As the farmers’ protest against the Centre’s latest agricultural legislations enters its seventh month, Niti Aayog member Ramesh Chand has said that the Centre will resume talks with the farmers only if they are willing to point out particular deficiencies in the new laws instead of demanding a complete rollback.
This development comes in the backdrop of many Samyukta Kisan Morcha leaders stating that they are willing to resume talks with the government. However, so far, they have remained firm on their demands and said that they will only hold discussions if the Centre agrees to withdraw its new legislations.
Samyukta Kisan Morcha is an umbrella organisation of numerous farm unions based in many states across the country.
The farmers are protesting the Centre’s Farmers' Produce Trade and Commerce (Promotion and Facilitation) Act, 2020; Farmers' (Empowerment and Protection) Agreement on Price Assurance and Farm Services Act, 2020; and the Essential Commodities (Amendment) Act, 2020, claiming that they are anti-farmer.
"As long as they (farmers) stick to repealing those three farm laws, then what kind of talk can be held," Niti Aayog Member (Agriculture) Ramesh Chand told PTI.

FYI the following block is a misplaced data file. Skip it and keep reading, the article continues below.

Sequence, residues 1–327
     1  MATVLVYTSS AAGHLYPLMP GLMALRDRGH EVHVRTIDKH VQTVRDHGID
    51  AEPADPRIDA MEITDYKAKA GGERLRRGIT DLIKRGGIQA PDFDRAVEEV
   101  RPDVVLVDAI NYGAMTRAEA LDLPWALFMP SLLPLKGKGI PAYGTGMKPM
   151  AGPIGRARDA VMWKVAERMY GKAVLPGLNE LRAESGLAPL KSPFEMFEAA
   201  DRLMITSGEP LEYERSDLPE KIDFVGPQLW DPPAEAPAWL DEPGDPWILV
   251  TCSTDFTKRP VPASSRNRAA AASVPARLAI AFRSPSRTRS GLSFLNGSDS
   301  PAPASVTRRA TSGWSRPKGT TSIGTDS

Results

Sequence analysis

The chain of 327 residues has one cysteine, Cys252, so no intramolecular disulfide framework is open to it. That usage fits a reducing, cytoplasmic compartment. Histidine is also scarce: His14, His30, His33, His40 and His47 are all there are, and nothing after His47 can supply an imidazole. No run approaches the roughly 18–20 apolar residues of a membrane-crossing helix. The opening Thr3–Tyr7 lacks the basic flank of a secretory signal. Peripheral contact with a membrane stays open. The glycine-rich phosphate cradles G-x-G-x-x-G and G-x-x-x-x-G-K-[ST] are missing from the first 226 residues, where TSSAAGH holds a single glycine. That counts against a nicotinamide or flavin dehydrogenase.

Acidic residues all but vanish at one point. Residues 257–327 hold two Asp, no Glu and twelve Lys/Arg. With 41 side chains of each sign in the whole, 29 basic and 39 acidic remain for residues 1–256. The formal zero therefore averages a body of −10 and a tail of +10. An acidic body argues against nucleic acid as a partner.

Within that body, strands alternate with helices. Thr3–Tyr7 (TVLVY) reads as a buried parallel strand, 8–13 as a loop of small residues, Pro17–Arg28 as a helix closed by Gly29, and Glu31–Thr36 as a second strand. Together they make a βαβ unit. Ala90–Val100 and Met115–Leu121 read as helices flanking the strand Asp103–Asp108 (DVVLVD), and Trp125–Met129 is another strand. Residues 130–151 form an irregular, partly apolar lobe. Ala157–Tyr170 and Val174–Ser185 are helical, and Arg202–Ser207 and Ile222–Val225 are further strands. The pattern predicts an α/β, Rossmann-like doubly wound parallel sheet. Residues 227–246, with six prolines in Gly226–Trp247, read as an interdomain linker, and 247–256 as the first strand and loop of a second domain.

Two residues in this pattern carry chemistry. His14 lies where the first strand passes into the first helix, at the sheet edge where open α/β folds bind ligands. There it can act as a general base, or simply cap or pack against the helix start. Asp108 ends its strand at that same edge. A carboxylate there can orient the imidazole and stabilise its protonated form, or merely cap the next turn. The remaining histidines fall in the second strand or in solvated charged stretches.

He asserted that the government is willing to discuss the three farm laws clause by clause.
"So, there should be some signal from the farmer's side that they are willing to discuss all matters and they are willing to point out what are the deficiencies of these laws as the government has already asked them that (to point out) whatever is wrong with these laws.
"If there are two things wrong, tell us, if there are five things which you don't accept, please tell us," the Niti Aayog member said.
Enacted in September 2020, the three farm laws have been projected by the Centre as major reforms in the agriculture sector that will remove the middlemen and allow farmers to sell their produce anywhere in the country.
However, scores of farmers have been camping at Delhi's borders since November last year, demanding that the laws be rolled back and a new law be made to guarantee minimum support price (MSP) for their crops.
Several rounds of talks between the agitating farmers and the government have failed to break the deadlock over these contentious laws.
The government last held talks with farmer leaders on January 22. The talks between the two sides came to a halt after a January 26 tractor parade by farmers in Delhi turned violent.
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